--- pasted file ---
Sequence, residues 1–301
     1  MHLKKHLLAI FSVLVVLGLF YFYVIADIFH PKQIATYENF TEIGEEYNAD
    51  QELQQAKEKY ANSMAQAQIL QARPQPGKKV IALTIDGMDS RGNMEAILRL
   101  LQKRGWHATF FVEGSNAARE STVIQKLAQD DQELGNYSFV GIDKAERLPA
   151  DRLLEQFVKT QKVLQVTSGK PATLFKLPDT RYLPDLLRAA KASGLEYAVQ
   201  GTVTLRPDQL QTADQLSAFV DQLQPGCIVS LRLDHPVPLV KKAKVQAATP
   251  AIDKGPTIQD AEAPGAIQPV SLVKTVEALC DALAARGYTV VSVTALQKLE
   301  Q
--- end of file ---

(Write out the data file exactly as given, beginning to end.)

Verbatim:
Sequence, residues 1–301
     1  MHLKKHLLAI FSVLVVLGLF YFYVIADIFH PKQIATYENF TEIGEEYNAD
    51  QELQQAKEKY ANSMAQAQIL QARPQPGKKV IALTIDGMDS RGNMEAILRL
   101  LQKRGWHATF FVEGSNAARE STVIQKLAQD DQELGNYSFV GIDKAERLPA
   151  DRLLEQFVKT QKVLQVTSGK PATLFKLPDT RYLPDLLRAA KASGLEYAVQ
   201  GTVTLRPDQL QTADQLSAFV DQLQPGCIVS LRLDHPVPLV KKAKVQAATP
   251  AIDKGPTIQD AEAPGAIQPV SLVKTVEALC DALAARGYTV VSVTALQKLE
   301  Q